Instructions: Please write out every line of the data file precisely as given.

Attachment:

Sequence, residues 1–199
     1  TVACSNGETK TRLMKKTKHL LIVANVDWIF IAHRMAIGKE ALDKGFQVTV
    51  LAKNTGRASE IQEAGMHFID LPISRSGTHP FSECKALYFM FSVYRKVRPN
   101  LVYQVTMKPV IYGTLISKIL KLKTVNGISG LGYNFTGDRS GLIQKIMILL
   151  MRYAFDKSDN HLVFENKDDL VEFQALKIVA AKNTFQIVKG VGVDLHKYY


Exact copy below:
Sequence, residues 1–199
     1  TVACSNGETK TRLMKKTKHL LIVANVDWIF IAHRMAIGKE ALDKGFQVTV
    51  LAKNTGRASE IQEAGMHFID LPISRSGTHP FSECKALYFM FSVYRKVRPN
   101  LVYQVTMKPV IYGTLISKIL KLKTVNGISG LGYNFTGDRS GLIQKIMILL
   151  MRYAFDKSDN HLVFENKDDL VEFQALKIVA AKNTFQIVKG VGVDLHKYY